According to our exclusive Gold Derby odds derived from the predictions made by our 23 expert journalists, seven in-house staff editors, Top 24 users (those two dozen folks who did the best predicting last year’s winners) and contest entrants like you, legendary Italian maestro Ennio Morricone is the overwhelming favorite to finally win an Oscar for “The Hateful Eight” score.
Let’s take a closer look at why he is so far out in front, and also size up his four rival nominees.
“The Hateful Eight”: Ennio Morricone
The revered Italian composer received his sixth nomination this year for scoring Quentin Tarantino’s epic Western. While Morricone is best known for his many collaborations with Sergio Leone and Giuseppe Tornatore, none of those scores were nominated. His first Oscar bid was for “Days of Heaven (1978) followed by “The Mission” (1986), “The Untouchables” (1987), “Bugsy” (1991) and “Malena (2000). Awarded an honorary Academy Award in 2006, he has never won a competitive Oscar. Tarantino is spearheading an effort to bring attention to this oversight.
Votes: 21/23 Experts; 6/7 Editors; 20/Top 24; 77% of Users
“Star Wars: The Force Awakens”: John Williams
Williams is Oscar royalty. He has racked up a staggering 50 nominations with 45 of these for his scores. That tally places him second on the all-time leaderboard only to Walt Disney (with 59). He has won five Oscars for his work on “Fiddler on the Roof” (1971), “Jaws” (1975), “Star Wars” (1977), “ET: The Extra Terrestrial” (1982) and “Schindler’s List” (1993). His’ last nomination was two years ago for “The Book Thief” (which he lost to “Gravity”). Although Morricone is the clear frontrunner in this race, watch out for Williams as the spoiler – he is beloved by academy members and his score for the newest installment in the“Star Wars” franchise has been widely acclaimed as one of his best works.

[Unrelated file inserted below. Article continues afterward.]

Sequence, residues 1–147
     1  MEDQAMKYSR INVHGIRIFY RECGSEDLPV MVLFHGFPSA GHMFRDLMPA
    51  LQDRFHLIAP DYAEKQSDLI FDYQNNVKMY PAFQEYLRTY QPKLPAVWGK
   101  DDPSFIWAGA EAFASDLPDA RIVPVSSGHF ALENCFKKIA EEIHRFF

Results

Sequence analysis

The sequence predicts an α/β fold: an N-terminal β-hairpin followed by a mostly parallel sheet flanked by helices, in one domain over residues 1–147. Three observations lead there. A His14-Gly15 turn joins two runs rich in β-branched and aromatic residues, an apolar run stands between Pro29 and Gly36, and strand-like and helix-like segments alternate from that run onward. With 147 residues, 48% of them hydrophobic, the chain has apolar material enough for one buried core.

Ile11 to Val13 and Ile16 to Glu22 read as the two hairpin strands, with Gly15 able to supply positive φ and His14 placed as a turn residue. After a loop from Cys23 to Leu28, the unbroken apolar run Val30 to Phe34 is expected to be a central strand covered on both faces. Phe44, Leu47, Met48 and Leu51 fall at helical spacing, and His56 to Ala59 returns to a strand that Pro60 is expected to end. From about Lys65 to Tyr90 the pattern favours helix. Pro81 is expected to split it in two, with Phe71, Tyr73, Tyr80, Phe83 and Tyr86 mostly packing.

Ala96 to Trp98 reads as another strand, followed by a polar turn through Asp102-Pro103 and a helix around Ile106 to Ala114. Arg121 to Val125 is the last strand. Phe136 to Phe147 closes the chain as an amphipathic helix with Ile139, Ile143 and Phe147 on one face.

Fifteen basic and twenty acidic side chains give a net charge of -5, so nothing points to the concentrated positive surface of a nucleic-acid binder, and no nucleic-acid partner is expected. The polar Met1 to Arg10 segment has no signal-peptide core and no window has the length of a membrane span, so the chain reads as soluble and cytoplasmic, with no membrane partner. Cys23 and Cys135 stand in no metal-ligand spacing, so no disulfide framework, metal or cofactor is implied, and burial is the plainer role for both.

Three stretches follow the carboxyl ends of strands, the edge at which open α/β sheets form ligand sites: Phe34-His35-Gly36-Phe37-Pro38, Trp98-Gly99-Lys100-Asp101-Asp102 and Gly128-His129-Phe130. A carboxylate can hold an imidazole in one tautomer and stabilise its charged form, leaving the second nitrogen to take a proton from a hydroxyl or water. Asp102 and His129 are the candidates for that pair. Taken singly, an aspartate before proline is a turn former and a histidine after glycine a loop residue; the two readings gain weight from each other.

Votes: 1/7 Editors; 1/ Top 24; 12% of Users
“Carol”: Carter Burwell
Despite his ongoing relationship with Oscar darlings Joel and Ethan Coen (he scored their Best Picture winner “No Country For Old Men” as well as nominees “Fargo,” “A Serious Man” and “True Grit”), Burwell reaped his first Oscar bid for this film by Todd Haynes. He has lost both the Globe and Critics’ Choice races to Morricone. As with “The Hateful Eight” and “Star Wars: The Force Awakens,” “Carol” was not nominated for Best Picture, indicating a lack of widespread support among the academy. To win, he will have to edge aside the two veterans behind the scores of those films.
Votes: 2/23 Experts; 1/ Top 24; 7% of Users
“Bridge of Spies”: Thomas Newman
Newman has yet to win despite 11 previous bids for such memorable scores like “The Shawshank Redemption” (1994), “American Beauty” (1999) and “Finding Nemo” (2003). His last nomination was two years ago for “Saving Mr Banks” (which he lost to “Gravity”). Newman has been a mainstay in this category over the last two decades and is well overdue for a win, but he is up against Morricone, who has been riding a similar narrative throughout this Oscar season. In Newman’s favor is that “Bridge of Spies” is the only Best Picture nominee in this bunch, which might boost his chances.
Votes: 2% of Users
“Sicario”: Johann Johannsson
This marks his second nomination in a row following last year’s for “The Theory of Everything” (he won the Globe but lost the Oscar to “The Grand Budapest Hotel”). He was among those bested by Morricone at this year’s Globes. Although this relentlessly propulsive score has been well received and would have been a genuine contender in any other year, it doesn’t appear likely that Johannsson will be able to overcome his formidable competition.
Votes: <1% of Users
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